Let me clarify the role of the Office of Rail Regulation, about which several hon. Members have asked. As the hon. Member for Canterbury rightly says, clause 2 entrenches the existing position that CTRL or HS1 will not be regulated by the Office of Rail Regulation. It will, however, continue to be the safety regulator and the appeal body for any train operating companies—whether it be Eurostar or any other—that feel that the charging regime is unfair. Clause 3 will allow the ORR to make charges specifically for its own services and not for track access charges.

My right hon. Friend the Member for Norwich, South, who made an excellent contribution, obviously feels very strongly about Stratford International. This may not be news to anyone in the House, but I am not aware of any plans by Eurostar to provide any international services from Stratford International. I understand that Eurostar has committed to looking again into whether there is a demand for such services from that station. In that respect, my right hon. Friend is absolutely right that there is a correlation, as the hon. Member for Ashford has already said, between that and the position in Ashford. I come back to my earlier comments. Clause 1 clarifies the Secretary of State’s role and responsibility for funding services on CTRL, but it does not in any way oblige that person to fund capital improvements—in Stratford International or anywhere else.

Mr. Charles Clarke: I am grateful for my hon. Friend’s clarification. As I understand it, the Secretary of State has two types of power. The first is to subsidise the operating costs of services, which I believe is what my hon. Friend was referring to—though I may be wrong—and the second is to provide capital support for particular developments to make the services run better. If I have understood that correctly, I should make it clear that I was referring only to the capital commitment that would be relevant to achieving the interchange at Stratford. I was not referring to subsidising operating costs or anything of that kind. Will my hon. Friend clarify whether I am right that the Secretary of State has the power to provide capital for those developments at Stratford station?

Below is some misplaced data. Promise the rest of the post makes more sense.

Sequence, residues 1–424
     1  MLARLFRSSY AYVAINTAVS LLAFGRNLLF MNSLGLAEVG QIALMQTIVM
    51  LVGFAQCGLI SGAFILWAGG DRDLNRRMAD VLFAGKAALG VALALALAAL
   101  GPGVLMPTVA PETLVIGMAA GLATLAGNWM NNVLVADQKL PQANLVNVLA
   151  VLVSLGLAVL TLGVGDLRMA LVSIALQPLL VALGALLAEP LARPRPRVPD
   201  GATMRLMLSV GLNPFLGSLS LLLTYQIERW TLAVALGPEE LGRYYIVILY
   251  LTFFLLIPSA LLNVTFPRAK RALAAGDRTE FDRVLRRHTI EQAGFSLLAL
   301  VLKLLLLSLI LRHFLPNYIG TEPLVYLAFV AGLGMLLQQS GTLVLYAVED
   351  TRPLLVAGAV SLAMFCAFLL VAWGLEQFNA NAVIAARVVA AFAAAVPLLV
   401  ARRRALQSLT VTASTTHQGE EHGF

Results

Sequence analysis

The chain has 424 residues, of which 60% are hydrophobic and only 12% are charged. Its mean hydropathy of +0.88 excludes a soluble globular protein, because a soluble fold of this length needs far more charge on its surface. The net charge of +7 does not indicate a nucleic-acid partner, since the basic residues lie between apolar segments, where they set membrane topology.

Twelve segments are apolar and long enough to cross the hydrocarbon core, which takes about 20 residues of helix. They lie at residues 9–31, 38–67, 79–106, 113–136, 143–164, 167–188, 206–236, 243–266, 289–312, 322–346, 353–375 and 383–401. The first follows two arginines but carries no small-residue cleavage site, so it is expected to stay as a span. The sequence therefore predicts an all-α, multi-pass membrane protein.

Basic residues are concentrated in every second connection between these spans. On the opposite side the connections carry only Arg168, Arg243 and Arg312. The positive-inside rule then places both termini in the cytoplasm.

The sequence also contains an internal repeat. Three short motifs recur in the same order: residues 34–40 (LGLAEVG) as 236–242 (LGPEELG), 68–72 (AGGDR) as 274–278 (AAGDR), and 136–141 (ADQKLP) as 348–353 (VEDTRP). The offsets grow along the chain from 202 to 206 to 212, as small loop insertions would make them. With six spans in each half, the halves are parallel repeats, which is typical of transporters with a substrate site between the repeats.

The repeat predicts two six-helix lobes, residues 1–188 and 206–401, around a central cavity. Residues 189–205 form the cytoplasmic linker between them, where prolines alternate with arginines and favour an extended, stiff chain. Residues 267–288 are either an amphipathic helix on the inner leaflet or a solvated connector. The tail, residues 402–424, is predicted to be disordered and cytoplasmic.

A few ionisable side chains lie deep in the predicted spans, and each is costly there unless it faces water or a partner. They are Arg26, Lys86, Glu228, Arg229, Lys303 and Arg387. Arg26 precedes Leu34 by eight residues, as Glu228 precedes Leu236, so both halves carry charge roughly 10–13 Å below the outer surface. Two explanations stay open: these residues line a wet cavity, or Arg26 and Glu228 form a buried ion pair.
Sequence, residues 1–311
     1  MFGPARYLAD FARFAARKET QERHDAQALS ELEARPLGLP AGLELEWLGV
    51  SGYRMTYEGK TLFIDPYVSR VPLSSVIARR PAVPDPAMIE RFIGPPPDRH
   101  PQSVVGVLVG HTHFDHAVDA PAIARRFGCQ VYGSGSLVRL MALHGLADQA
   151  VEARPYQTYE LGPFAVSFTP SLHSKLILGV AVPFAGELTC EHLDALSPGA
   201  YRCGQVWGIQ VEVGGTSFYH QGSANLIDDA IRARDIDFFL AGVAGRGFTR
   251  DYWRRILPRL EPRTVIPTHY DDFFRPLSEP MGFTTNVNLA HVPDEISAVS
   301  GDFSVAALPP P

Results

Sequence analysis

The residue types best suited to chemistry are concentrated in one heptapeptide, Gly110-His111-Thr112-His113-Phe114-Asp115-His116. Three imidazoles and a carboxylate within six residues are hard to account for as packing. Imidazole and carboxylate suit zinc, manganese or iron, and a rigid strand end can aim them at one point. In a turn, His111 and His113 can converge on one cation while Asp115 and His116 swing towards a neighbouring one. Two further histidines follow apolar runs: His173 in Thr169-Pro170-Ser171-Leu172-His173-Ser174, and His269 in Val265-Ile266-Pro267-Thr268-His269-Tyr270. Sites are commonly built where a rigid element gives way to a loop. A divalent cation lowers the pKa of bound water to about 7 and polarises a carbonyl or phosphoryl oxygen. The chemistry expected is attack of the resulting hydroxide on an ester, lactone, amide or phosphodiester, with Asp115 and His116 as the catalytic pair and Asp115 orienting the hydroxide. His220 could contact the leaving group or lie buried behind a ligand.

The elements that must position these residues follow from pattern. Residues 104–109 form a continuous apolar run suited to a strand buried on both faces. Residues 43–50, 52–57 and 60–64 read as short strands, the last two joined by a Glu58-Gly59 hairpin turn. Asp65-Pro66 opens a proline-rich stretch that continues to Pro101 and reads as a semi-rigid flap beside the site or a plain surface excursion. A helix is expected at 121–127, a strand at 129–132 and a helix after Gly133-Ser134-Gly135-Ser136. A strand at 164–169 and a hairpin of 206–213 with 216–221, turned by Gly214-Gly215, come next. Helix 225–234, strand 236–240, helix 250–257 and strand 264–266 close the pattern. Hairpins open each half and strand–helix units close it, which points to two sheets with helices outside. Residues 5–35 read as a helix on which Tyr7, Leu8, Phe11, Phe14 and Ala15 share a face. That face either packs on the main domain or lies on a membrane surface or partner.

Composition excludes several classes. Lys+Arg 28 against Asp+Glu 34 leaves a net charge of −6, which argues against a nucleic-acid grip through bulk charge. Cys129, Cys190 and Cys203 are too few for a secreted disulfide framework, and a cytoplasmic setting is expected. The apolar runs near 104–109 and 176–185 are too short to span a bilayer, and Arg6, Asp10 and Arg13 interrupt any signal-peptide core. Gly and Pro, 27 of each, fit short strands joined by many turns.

Mr. Harris: I will clarify the position. My understanding is that my right hon. Friend is correct in that those powers are available for the Secretary of State to use. However, the wording of clause 1 was adopted specifically in respect of arrangements for subsidies to domestic services. That is the purpose of clause 1. My right hon. Friend feels strongly about this issue, but I think that he
20 Nov 2007 : Column 1157
should be wary of demonstrating too strong an interest as there are a number of Whips in the Chamber and they may interpret his remarks as his volunteering for Public Bill Committee duty. Of course, I would welcome my right hon. Friend’s presence on such a Committee.